Hiking from Teluk Batik to Teluk Rubiah
(this area is no longer accessible for trekkers and hikers)
I like the hike from Teluk Batik to Teluk Rubiah. The first time I came here was on invitation of Mr. Goh to sort out some trails we could use for our teambuilding activities.
I knew the beach but I soon learned that the jungle in the area was just as beautiful as the beach on good days can be.
At 5pm he picked me up at my home in Sitiawan and we drove to Teluk Batik.
Mr. Goh told me there were paths that connected Teluk Batik to Teluk Rubiah, that other good (though private) beach near Lumut. Now I was for some time already suspecting there were paths between the two beaches but for whateverreasons I had not found the time to sort this out. Therefore Mr. Goh's invitation came at the right moment.
We parked the car at Teluk Batik and walked into the hills. Almost directly I saw two different paths, we took one that went steep up. Almost directly I felt we were "as far from civilization" as one can imagine.
There was no other sound then the sound of the surrounding jungle and our breathing. Even the birds made more noise. The path swindled up and down and there were a few smaller paths directing to the nearby Straights of Malacca.
When we climbed up we got a better view over the surrounding areas. In fact, what I saw was a sort of ravine. It looked as if the Ice-age here had left it's trail, like one can see in some European countries.
However, this ravine, Mr. Goh called it "our own little Grand Canyon", was manmade. In the late 60's the Sultan of Perak had the idea to build a road between Teluk Batik and Teluk Rubiah. Despite the fact the local government had no money to spend on this project, the construction work began.
After some time the work stopped because there was no money and the construction was left to the jungle. The road would never be finished. Instead, the jungle now had again the space to come back and many plants and animals continued here to live.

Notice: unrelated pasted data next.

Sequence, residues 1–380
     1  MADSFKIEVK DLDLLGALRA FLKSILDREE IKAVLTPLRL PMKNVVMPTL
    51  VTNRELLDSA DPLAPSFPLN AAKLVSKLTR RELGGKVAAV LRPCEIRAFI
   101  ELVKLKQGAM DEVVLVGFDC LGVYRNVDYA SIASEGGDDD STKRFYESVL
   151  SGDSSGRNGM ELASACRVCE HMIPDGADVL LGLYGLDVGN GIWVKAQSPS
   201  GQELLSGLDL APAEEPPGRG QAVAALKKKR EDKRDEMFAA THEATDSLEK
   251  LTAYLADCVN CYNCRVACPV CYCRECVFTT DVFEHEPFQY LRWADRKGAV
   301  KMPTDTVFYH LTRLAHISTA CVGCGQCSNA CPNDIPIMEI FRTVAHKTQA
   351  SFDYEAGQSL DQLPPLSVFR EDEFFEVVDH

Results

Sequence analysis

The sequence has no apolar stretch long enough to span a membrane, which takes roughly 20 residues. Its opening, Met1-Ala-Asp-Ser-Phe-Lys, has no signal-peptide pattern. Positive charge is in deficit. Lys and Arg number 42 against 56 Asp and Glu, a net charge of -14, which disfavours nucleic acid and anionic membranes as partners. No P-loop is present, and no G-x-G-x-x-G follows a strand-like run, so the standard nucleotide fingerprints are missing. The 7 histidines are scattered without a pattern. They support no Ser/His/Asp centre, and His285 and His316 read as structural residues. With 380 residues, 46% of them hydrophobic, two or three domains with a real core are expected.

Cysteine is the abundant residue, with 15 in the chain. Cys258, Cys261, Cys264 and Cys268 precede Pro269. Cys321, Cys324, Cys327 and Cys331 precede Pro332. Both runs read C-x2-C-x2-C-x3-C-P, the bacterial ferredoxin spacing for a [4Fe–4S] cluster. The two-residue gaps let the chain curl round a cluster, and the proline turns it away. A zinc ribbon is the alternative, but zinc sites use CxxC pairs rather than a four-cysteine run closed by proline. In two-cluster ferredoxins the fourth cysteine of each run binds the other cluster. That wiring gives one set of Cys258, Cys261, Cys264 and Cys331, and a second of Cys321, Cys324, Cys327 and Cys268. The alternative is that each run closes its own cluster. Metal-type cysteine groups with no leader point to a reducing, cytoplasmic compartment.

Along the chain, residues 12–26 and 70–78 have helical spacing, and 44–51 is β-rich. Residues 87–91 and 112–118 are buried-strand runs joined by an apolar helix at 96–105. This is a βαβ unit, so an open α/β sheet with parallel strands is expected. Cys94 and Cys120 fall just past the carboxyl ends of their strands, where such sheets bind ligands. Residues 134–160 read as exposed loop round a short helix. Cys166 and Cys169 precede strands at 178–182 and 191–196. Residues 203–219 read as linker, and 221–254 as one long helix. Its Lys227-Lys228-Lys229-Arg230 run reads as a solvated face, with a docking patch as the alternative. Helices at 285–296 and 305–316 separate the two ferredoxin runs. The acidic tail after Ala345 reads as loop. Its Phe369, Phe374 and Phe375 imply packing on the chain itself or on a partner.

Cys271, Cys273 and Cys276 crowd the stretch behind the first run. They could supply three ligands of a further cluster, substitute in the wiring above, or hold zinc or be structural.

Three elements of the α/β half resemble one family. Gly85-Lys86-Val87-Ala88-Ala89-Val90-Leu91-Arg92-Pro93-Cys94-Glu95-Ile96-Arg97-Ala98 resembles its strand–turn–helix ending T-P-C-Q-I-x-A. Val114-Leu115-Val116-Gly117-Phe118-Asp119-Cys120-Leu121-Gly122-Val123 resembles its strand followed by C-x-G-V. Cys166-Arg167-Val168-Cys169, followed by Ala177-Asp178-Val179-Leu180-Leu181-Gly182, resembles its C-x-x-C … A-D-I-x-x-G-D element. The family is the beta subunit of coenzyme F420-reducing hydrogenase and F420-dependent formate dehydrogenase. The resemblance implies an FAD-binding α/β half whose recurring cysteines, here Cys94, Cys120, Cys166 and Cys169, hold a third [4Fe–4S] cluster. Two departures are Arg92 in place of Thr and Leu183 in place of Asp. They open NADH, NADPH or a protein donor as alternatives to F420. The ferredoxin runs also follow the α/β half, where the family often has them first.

Of the larger animals to be found here are the biawaks (monitor lizards) and wild boar. The largest birds are the sea eagles. But there are many beautiful plants to be found too.
The manmade ravine follows a few hundred meters the direction to Teluk Rubiah, and ends at the Teluk Rubiah golf course.
We spend a brief moment at the far end of the golf course but we found it more interesting to visit one of the nearby beaches which are only through a small path can be reached (note: this is no longer possible, in 2010 Teluk Rubiah closed down and the valley is off limits).
We walked down the beach to end. Here we climbed over a few rocks to the next (and again only this way accessible) beach. We had a stop here to enjoy the sunset. In one view we had here Teluk Rubiah, Pulau Sembilan, Teluk Batik and Pulau Pangkor.
We chatted for awhile and Mr. Goh told me he came here quite often, sometimes alone, sometimes bringing friends or family. Little did I know in the following years I would come to this place again and again to relax, swim and enjoy the beauty of the forest and the Straits of Malacca.
Just after the sun went down, we went back to Teluk Batik and a bit later darkness fell over the sea. I had spend a few hours walking in an area as far from civilization as one can imagine.
Other options for hiking in Lumut
Another hike can be done from Teluk Batik, not far away though you need either your own transport to Teluk Batik or hire a taxi.
Jungle trekking at Pangkor
There are two options: the trekking to Bukit Pangkor and the trekking from Teluk Segadas to Pasir Bogak: